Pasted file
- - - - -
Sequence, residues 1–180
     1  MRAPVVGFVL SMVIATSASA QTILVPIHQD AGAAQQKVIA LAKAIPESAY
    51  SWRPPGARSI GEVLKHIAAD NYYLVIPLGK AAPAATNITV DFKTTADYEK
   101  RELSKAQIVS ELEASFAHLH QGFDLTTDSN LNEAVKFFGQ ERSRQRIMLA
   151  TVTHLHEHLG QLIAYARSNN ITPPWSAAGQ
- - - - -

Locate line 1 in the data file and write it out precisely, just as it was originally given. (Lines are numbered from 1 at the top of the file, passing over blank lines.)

Sequence, residues 1–180